When installing interrogators, not only is the optimization of the interrogation field important but several other considerations must also be taken into account. They are
- Ensuring equipment safety
- Ensuring employee safety
- Maintaining proper functionality
- Making proper connections for power and data
- Understanding the environmental limitations of the equipment
One of the important decisions you have to make is where to locate your interrogator to minimize the risk of damage. In the case of a dock door interrogator, for instance, knowing that a material-handling device, such as a forklift, may miss the door from time to time helps you choose the optimal location to ensure the interrogator is out of harm's way.
Initial attempts by major RFID manufacturers to build prefabricated door portals showed that these manufacturers had given little thought to these real-world situations. Interrogators in these early solutions were mounted about six inches off the floor, and they were not only difficult to access for troubleshooting, but the devices and their connections were also easily damaged by moving vehicles such as forklifts.
Careful consideration should be given to employee safety when determining where to place interrogators. Units should not be placed in locations where they can be an obstruction or a trip hazard. If the interrogator is being mounted on a vehicle, neither the interrogator nor its antennas should affect visibility or operator maneuverability during the operation of the vehicle.
Ideal placement of an interrogation zone is vital for proper functionality. To determine this, the intended primary function must be defined; only then can it be determined where the interrogator and antennas must be placed as well as how the antenna must be oriented to achieve maximum accurate reads. Ensuring that the expected read is realized is critical to the success of the operation.
Clean power and data connections are also important. For a small price you can buy a basic power analyzer at any major retail department store. This tool determines that the power circuit is wired properly and grounded. Usually, this device has a series of three to four LEDs on it that, when plugged in, light up to indicate various conditions in the wiring. These conditions can include
- Ground fault
- Reverse neutral/hot
- Reverse neutral/ground
If more serious problems are suspected, a qualified electrician should be called in. He or she will bring a more advanced power analyzer that detects conditions such as
- RMS voltage quality (sags, swells, flicker)
- Impulsive voltage quality (transient voltage)
- Harmonic voltage quality (harmonic voltage, harmonic current, harmonic power, inter-harmonic voltage, inter-harmonic current, harmonic phase angle, total harmonic voltage distortion, total inter-harmonic current distortion)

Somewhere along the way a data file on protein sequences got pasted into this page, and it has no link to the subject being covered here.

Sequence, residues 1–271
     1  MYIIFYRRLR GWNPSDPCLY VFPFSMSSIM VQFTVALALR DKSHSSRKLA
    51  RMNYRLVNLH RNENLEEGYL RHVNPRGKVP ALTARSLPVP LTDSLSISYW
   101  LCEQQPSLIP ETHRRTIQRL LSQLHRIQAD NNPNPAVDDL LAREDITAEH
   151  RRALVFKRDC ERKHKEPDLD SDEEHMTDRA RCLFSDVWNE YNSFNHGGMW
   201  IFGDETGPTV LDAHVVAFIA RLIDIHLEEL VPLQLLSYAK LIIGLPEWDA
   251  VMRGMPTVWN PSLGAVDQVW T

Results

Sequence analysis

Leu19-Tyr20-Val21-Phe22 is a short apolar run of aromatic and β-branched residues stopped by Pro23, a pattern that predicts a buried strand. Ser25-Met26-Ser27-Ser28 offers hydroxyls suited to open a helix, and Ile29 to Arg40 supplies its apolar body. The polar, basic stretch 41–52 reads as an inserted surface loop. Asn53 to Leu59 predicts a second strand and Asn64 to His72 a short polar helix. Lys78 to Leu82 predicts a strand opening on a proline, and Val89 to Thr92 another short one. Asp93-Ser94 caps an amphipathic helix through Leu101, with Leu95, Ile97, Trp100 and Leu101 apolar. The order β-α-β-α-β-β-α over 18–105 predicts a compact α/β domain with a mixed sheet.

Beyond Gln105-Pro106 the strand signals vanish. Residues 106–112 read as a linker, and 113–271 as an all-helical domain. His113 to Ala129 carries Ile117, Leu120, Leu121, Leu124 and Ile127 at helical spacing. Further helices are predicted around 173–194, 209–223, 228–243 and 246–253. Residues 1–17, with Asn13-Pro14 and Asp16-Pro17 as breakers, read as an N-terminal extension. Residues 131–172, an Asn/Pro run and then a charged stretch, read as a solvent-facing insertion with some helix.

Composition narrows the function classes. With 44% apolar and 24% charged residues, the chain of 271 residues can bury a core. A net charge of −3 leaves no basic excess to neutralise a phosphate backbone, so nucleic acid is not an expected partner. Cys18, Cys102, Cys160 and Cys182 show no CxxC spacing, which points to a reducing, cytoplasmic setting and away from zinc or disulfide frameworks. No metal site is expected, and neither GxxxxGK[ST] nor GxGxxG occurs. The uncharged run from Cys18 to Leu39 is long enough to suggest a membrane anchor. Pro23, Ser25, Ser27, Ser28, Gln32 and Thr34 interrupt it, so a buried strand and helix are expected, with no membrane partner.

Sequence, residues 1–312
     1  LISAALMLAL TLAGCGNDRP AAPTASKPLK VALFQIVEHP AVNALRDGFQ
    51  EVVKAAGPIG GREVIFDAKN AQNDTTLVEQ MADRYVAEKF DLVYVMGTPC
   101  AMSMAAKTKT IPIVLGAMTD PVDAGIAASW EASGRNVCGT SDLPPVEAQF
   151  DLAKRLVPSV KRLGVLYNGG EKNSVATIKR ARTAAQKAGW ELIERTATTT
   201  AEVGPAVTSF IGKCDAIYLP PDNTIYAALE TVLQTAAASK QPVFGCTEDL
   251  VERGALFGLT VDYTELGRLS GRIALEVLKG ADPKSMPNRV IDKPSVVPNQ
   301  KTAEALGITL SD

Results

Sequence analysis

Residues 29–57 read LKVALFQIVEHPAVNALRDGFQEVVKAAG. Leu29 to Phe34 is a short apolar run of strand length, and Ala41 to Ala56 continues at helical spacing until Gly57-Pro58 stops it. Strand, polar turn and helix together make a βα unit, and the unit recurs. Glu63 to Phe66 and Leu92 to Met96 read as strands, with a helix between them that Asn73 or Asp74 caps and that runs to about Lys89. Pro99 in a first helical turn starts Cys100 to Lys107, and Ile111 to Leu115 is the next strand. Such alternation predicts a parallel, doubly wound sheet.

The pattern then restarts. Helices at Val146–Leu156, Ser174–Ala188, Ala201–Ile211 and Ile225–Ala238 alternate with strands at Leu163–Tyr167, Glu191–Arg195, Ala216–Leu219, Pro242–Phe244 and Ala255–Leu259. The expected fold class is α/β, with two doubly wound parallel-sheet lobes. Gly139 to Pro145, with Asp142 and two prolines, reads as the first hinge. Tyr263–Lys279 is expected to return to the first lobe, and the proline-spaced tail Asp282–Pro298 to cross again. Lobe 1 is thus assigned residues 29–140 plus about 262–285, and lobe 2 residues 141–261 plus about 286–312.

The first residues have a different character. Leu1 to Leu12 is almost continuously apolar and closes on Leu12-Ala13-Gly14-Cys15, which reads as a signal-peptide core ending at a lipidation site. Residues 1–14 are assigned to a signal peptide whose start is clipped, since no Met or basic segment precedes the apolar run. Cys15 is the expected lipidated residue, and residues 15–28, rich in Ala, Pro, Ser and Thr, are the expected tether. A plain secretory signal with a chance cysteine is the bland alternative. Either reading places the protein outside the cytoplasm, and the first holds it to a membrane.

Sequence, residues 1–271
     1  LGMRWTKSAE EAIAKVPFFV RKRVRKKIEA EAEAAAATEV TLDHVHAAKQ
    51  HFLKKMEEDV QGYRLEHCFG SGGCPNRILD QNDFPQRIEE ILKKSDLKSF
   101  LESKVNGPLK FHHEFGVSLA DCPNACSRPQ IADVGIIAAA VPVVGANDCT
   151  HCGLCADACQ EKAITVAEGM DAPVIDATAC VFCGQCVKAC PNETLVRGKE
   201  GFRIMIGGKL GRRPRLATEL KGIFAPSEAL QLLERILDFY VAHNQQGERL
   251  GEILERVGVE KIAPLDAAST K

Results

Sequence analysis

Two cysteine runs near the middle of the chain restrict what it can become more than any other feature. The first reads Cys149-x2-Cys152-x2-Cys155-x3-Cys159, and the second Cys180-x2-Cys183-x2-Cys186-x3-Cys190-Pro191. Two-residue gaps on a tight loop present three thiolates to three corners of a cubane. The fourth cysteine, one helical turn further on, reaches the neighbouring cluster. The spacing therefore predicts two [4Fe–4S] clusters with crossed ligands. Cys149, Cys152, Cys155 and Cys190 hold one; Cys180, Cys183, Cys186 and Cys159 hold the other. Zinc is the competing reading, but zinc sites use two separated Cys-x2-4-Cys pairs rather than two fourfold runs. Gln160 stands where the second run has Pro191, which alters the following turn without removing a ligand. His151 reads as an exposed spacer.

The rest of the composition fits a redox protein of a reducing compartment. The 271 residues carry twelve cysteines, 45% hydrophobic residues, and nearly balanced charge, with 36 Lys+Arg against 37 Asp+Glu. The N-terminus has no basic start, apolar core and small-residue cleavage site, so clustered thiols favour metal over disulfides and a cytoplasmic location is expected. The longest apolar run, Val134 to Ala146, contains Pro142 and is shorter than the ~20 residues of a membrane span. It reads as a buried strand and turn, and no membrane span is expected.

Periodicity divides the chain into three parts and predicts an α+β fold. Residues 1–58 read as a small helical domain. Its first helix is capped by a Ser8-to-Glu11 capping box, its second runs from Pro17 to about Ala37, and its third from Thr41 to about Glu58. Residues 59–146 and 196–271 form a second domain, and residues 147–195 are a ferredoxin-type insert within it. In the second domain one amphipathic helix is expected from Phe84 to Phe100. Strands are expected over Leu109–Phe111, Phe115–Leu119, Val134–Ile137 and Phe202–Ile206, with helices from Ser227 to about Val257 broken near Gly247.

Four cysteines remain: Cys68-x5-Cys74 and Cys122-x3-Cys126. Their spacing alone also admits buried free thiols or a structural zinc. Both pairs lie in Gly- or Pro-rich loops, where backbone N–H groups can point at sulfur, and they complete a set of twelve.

Normally, this level of investigation is not required. Most sites already have certified wiring. However, in the odd situation in which the equipment repeatedly fails, it might be a power issue. When this happens, a certified professional should be consulted.
When installing RFID systems, best practice is to use an uninterruptible power supply. This will prevent system failures in case of power shut downs.
Using a network analyzer to ensure connectivity and throughput are consistent and reliable is also always a good idea. A network analyzer enables you to capture and examine data from your network. You can browse the captured data and view detailed information for each packet that has been captured. A network analyzer also provides detailed information about current traffic, as well as overall protocol statistics and more. Many network analyzers support various protocols including IP4, TCP, UDP, IEEE 802.2 frame, Ethernet II frame, NetBIOS, IPX, and others. In addition to real-time monitoring, most network monitors include an extensive array of filter options that allow you to limit capture based on IP address, port, protocol, MAC address, packet size, and other criteria.
If the interrogator is not communicating with the network systems, the data that is critical to the business will be lost; this is why using a network analyzer is important.
Consideration should be given to the environmental conditions of the physical site where you will be locating the interrogators. Several factors need to be evaluated when assessing the environmental conditions, such as
- Temperature minimum/maximum
- Chemical exposure
- Splash conditions
Not many of the "off the shelf" interrogators will survive all these extreme conditions. Making the choice of a proper interrogator for your specific environment is critical in reducing the costs involved with replacing frequently damaged equipment and the downtime associated with hardware failure. A thorough environmental study is always recommended even if the conditions seem to be readily apparent.